Previously, there was still a certain barrier to online communication. That was a problem. Now time zones and geographical locations are no longer such barriers. Using digital tools is quite enough to meet people, make investments, and operate businesses. In regard to market opportunities, digital is obviously growing, but offline will strike back as lockdowns and isolation ends. Digital Disrupt is aware of this and invests in projects such as a car-sharing platform called Mashina and the mobile app Carousel for sharing electric scooters in Moscow.
With an investment portfolio that includes industry giants like Momentus, are there any business or marketing patterns you notice with these big companies that smaller startups or early-stage tech companies would be wise to adopt?
Momentus is truly a disruptive company that is not afraid to break the mold. The company provides in-space transportation and infrastructure services, which is highly innovative in itself. It’s also launching a unique low-cost modular approach satellite as a service for hosting your payload in space. And by 2050, the company plans to extract minerals on other planets. This is exactly the kind of disruptive thinking that can be borrowed from such industrial giants as Momentus.
What evolutions do you see in the general venture capital industry across the next five years?
HealthTech started showing its growth even before the pandemic, but in 2020, e-health showed huge growth. Business models focusing on remote patient management and care have benefited from rapid growth. As far as we can see, this trend will continue at least in 2021 but further development is also possible. Consequently, VC investment in e-health will only increase.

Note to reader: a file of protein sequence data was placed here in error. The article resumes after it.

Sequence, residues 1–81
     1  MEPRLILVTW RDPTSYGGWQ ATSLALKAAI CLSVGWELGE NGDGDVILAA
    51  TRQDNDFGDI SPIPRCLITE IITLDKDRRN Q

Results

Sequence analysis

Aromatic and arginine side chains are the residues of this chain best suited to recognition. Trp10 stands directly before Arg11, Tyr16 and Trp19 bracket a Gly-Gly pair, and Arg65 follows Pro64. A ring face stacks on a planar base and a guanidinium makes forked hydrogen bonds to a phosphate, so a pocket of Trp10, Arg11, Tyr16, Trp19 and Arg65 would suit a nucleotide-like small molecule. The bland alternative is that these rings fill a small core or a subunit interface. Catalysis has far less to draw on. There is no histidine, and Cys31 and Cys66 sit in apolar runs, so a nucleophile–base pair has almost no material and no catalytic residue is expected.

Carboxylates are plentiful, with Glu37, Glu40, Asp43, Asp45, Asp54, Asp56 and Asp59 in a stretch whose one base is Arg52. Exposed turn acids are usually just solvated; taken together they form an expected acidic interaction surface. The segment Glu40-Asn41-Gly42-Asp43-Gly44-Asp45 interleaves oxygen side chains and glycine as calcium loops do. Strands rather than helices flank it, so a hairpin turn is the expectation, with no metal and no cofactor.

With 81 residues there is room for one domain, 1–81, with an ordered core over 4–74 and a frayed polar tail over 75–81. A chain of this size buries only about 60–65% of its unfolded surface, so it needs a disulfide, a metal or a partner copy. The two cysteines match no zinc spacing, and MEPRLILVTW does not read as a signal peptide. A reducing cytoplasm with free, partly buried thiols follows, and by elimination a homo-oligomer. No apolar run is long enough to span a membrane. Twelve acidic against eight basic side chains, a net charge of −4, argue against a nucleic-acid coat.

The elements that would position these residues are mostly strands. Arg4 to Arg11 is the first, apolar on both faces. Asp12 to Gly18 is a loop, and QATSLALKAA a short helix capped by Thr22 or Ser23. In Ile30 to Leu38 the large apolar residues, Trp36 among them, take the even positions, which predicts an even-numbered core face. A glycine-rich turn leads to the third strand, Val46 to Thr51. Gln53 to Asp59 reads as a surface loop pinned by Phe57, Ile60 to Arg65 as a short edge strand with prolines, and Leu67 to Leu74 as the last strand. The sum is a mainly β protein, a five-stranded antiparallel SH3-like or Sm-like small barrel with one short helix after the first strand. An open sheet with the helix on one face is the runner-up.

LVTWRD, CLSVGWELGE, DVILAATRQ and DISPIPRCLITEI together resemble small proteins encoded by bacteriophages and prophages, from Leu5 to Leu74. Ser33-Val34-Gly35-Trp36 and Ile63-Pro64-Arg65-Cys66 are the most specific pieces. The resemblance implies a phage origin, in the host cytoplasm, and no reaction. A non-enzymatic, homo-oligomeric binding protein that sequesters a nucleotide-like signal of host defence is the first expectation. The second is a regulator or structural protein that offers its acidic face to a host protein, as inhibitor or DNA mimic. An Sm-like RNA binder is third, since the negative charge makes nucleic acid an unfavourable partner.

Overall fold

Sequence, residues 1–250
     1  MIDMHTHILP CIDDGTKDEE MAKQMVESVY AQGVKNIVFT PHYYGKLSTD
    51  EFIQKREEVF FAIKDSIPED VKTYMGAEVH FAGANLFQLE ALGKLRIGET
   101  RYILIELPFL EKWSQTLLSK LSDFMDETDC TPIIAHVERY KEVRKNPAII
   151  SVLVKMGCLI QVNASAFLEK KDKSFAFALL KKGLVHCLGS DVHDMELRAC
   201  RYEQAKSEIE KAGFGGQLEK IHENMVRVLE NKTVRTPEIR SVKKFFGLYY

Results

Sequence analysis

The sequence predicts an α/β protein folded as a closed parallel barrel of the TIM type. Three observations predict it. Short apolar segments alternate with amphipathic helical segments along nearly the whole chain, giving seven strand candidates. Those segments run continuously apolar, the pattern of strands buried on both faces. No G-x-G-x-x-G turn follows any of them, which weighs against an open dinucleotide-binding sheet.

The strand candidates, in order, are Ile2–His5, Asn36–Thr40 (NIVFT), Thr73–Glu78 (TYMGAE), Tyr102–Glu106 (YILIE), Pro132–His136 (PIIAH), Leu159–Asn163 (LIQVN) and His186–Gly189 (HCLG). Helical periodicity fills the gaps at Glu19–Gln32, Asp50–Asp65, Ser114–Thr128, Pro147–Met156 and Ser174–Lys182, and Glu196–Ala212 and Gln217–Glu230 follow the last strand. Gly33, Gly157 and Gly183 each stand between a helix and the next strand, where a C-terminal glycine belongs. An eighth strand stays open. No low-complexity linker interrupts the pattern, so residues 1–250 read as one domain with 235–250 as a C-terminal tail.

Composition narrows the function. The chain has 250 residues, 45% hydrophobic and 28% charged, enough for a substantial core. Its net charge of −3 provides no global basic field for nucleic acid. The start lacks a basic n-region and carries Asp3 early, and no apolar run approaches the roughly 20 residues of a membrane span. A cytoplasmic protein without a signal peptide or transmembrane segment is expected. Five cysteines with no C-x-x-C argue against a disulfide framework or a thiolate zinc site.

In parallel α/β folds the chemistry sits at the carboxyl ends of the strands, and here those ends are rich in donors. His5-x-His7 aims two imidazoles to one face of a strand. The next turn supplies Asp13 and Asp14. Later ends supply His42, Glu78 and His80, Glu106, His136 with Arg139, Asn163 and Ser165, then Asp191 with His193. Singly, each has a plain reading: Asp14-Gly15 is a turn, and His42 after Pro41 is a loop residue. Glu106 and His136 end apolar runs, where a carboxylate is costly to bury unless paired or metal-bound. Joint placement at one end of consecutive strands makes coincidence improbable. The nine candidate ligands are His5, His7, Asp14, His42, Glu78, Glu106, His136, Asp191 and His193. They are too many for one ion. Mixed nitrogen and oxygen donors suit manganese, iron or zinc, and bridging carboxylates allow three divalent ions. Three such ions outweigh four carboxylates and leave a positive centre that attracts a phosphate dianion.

What are three components Digital Disrupt looks for when evaluating a tech company or early-stage startup for the first time?
A project with a valuable offer that meets the existing demand or creates a new one. It is extremely important the principles, competencies and vision for further development of the startup and Digital Disrupt coincide. We can talk about fruitful further cooperation only if there is a match.
Which geographic market area do you perceive as having the greatest breakthrough potential? What is one unique aspect of this market many would not know about?
We see disruptive potential in the African market. We believe growth of the digital industry across Africa is a proverbial ‘time bomb’ about to explode. This includes the transition to online education and the development of online services. Africa has a huge potential for development, so investing in this market now is extremely profitable. That’s why we are investing in HIPPO FRED, an educational startup for children in Kenya. This project seems extremely interesting and has great prospects in the African digital market.
What advice would you give to those interested in launching a startup in a so-called ‘disruptive industry’ like material science, blockchain, biotech, etc.
Maintain and develop expertise, build a strong network of partnerships in the field of capital, science, technology, and the digital world. And most importantly, be ready for a long-distance race.